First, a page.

DECISION

 

Capital One Financial Corp. v. Super Privacy Service LTD c/o Dynadot

Claim Number: FA1908001856372

 

PARTIES

Complainant is Capital One Financial Corp. ("Complainant"), represented by John Gary Maynard, Virginia, USA. Respondent is Super Privacy Service LTD c/o Dynadot ("Respondent"), California, USA.

 

REGISTRAR AND DISPUTED DOMAIN NAMES

The domain names at issue are <capitalonehack.com>, <capitalonehacked.com>, <capitalonebreech.com>, and <capitalonedatabreech.com>, registered with Dynadot, LLC.

 

PANEL

The undersigned certifies that he has acted independently and impartially and to the best of his knowledge has no known conflict in serving as Panelist in this proceeding.

 

David E. Sorkin as Panelist.

 

PROCEDURAL HISTORY

Complainant submitted a Complaint to the Forum electronically on August 8, 2019; the Forum received payment on August 8, 2019.

 

On August 12, 2019, Dynadot, LLC confirmed by email to the Forum that the <capitalonehack.com>, <capitalonehacked.com>, <capitalonebreech.com>, and <capitalonedatabreech.com> domain names are registered with Dynadot, LLC and that Respondent is the current registrant of the names. Dynadot, LLC has verified that Respondent is bound by the Dynadot, LLC registration agreement and has thereby agreed to resolve domain disputes brought by third parties in accordance with ICANN's Uniform Domain Name Dispute Resolution Policy (the "Policy").

 

On August 12, 2019, the Forum served the Complaint and all Annexes, including a Written Notice of the Complaint, setting a deadline of September 3, 2019 by which Respondent could file a Response to the Complaint, via email to all entities and persons listed on Respondent's registration as technical, administrative, and billing contacts, and to postmaster@capitalonehack.com, postmaster@capitalonehacked.com, postmaster@capitalonebreech.com, postmaster@capitalonedatabreech.com. Also on August 12, 2019, the Written Notice of the Complaint, notifying Respondent of the email addresses served and the deadline for a Response, was transmitted to Respondent via post and fax, to all entities and persons listed on Respondent's registration as technical, administrative, and billing contacts.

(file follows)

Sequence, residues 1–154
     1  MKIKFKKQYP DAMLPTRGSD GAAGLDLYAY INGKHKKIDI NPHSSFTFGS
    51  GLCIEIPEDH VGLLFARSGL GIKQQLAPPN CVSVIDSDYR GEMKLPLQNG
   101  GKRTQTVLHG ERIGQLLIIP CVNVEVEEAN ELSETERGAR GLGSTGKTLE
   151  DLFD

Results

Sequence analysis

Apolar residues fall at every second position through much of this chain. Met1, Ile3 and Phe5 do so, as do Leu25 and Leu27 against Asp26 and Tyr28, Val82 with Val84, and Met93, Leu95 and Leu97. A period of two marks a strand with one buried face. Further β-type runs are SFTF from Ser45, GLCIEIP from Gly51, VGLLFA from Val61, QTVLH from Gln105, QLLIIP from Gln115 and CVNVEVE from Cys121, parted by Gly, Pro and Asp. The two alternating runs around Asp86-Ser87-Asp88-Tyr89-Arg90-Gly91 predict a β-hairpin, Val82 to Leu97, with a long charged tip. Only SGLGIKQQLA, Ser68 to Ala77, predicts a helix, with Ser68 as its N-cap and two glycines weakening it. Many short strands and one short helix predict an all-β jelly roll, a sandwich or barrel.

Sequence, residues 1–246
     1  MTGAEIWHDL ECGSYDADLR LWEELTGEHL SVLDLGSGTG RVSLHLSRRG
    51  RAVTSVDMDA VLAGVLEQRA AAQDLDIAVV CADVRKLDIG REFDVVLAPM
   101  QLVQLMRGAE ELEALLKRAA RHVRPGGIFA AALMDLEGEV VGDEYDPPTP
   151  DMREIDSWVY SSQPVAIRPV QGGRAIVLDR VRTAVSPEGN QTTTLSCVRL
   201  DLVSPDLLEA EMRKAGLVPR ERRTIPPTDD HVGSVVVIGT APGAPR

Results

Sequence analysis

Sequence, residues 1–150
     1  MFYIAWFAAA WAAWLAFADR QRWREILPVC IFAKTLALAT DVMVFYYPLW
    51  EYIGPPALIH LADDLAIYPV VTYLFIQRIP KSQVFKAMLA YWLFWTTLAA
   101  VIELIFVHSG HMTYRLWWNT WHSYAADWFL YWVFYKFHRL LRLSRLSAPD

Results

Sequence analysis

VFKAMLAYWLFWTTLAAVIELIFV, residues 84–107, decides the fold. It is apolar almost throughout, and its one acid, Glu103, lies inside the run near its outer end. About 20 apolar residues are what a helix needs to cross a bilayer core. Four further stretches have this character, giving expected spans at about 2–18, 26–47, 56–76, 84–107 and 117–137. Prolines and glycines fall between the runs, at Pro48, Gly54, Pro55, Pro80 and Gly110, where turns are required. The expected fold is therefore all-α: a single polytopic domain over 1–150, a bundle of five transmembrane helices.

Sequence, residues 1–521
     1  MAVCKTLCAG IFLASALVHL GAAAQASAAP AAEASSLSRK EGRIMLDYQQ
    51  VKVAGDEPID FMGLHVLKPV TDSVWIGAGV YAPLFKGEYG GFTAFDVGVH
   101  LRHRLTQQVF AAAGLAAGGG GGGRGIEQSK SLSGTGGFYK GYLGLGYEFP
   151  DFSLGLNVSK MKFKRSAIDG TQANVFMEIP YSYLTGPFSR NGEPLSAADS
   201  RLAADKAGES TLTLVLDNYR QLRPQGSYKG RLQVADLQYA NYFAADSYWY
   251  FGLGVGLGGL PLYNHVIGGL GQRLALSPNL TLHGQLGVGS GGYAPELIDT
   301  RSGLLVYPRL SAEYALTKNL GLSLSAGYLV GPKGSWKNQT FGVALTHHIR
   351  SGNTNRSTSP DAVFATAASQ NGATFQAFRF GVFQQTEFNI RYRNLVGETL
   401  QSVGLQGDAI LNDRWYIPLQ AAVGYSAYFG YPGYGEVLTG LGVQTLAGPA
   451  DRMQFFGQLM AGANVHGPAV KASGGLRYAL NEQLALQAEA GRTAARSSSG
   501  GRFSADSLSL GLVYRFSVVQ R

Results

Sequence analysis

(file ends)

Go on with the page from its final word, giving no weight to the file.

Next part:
Having received no response from Respondent, the Forum transmitted to the parties a Notification of Respondent Default.

 

On September 4, 2019, pursuant to Complainant's request to have the dispute decided by a single-member Panel, the Forum appointed David E. Sorkin as Panelist.

 

Having reviewed the communications records, the Administrative Panel (the "Panel") finds that the Forum has discharged its responsibility under Paragraph 2(a) of the Rules for Uniform Domain Name Dispute Resolution Policy (the "Rules") "to employ reasonably available means calculated to achieve actual notice to Respondent" through submission of Electronic and Written Notices, as defined in Rule 1 and Rule 2. Therefore, the Panel may issue its decision based on the documents submitted and in accordance with the ICANN Policy, ICANN Rules, the Forum's Supplemental Rules, and any rules and principles of law that the Panel deems applicable, without the benefit of any response from Respondent.

 

RELIEF SOUGHT

Complainant requests that the domain names be transferred from Respondent to Complainant.

 

PARTIES' CONTENTIONS

A. Complainant

Complainant is a major financial institution headquartered in McLean, Virginia. Complainant was founded in 1988 and has used the CAPITAL ONE mark since its inception. Complainant and its wholly owned subsidiaries own numerous trademark registrations and pending applications for CAPITAL ONE and related marks. Complainant's CAPITAL ONE mark is registered in the United States and many other jurisdictions.